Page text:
# This is the same URL that is passed to OpenLayers in the above HTML
       "wms_onlineresource" " http://www.your-domain.com/mapserv.cgi?map=stream.map "
# This specifies the project and geoid to use. EPSG:4326 corresponds to WGS-84
# We use WGS-84 throughout these examples. It is handy and Virtual Earth uses it.
# MapServer could re-project the data, if necessary
       "wms_srs"       "EPSG:4326"
     END
END

# This the projection that this map file uses
PROJECTION
  "init=epsg:4326"
END

#####################################
# We have two layers. Both are called 'streams' but have limited zoom ranges.
# This is the 'polylines' version which appears when zoomed out
# Note that the stream data is quite complex, so we hide the streams completely when
# zoomed out too far (greater than 1:400000)
LAYER
     NAME "streams"
# Layer name for WMS
     METADATA
       "wms_title"   "Streams"
     END
# This is our data source. It is a shape file (cr_synth_stream.shp) in the
# shape path that is defined above.
# The data is already in the WGS-84 (EPSG:4326) geoid & projection.
     DATA "cr_synth_stream"
     PROJECTION
        "init=epsg:4326"
     END
     STATUS default
     TYPE line
     LABELCACHE off
# Scale Range
     MAXSCALE 400000
     MINSCALE 25000
# Draw the layer as a blue-cyan line
     CLASS
          STYLE
               SIZE 1
               COLOR 0 192 255
          END
     END
END


#####################################
# This layer is as above, but draws a thick polyline and
# only appears when zoomed in more than 1:25000
LAYER
     NAME "streams2"
     METADATA
       "wms_title"   "Streams"
     END
     DATA "cr_synth_stream"
     PROJECTION
        "init=epsg:4326"
     END
     STATUS default
     TYPE line
     LABELCACHE off
# Only define max scale where the thin version takes over
     MAXSCALE 25000
# Draw the layer as a thick blue-cyan line using the BigLine symbol (defined above)
     CLASS
          STYLE
               SIZE 2
               COLOR 0 192 255
               SYMBOL "BigLine"
          END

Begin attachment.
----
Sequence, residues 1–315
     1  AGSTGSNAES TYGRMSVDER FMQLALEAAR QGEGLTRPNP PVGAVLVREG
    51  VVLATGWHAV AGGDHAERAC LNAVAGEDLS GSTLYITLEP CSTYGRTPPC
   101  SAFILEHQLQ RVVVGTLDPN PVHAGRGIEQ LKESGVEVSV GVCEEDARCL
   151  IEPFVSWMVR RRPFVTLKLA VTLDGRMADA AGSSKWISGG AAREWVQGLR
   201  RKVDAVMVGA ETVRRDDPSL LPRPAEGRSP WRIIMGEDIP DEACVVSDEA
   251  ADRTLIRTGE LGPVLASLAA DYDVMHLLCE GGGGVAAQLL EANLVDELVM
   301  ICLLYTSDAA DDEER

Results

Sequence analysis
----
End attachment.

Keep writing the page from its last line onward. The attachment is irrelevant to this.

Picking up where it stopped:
END
END

# end of this map file
END

This example plots a shape file of lines. This file is defined in native ESRI SHP format. The file consists of two sub-layers, defined by LAYER objects. These plot the same data, but set the line thickness according to the scale level.

Here is an example screenshot of the final application, showing the ASTER imagery around Arenal Volcano and La Fortuna in Costa Rica:

Sample UMN MapServer application.

The scale bar and other controls are provided by Open Layers. Other layers such as field data have been switched off for clarity.

MapServer also supports feature queries, with the results being returned in the image layer or as a text list. Queries can be according to attributes and/or geography.

As can be seen, MapServer is a very powerful software package. Unlike third party map services, MapServer maps can be easily customized for the application at hand. Of course this takes more time to set up. Also, unlike services such as Google Maps and Microsoft Virtual Earth, the application developer has to provide the map data. A final disadvantage is that MapServer requires a certain level of skill to install. Typically it will have to be built on the web server in question. This is not a major task for a professional programmer or for someone who has built their own Apache installation, but it is beyond typical HTML / JavaScript beginners who may find third party systems much easier to use.

MapServer can be downloaded from the main MapServer website at http://mapserver.org. This site also includes documentation, FAQs, and other resources.

MapServer was chosen for the EcoMap Costa Rica project because services such as Google Maps and Microsoft Virtual Earth had very poor map coverage of rural Costa Rica. A developer may also choose to use MapServer if they do not want to be tied to the whims of a third party system; or for commercial reasons (both Google and Microsoft charge for most commercial implementations). Finally, the appearance of a MapServer map can be readily changed. This is difficult or impossible with a third party service.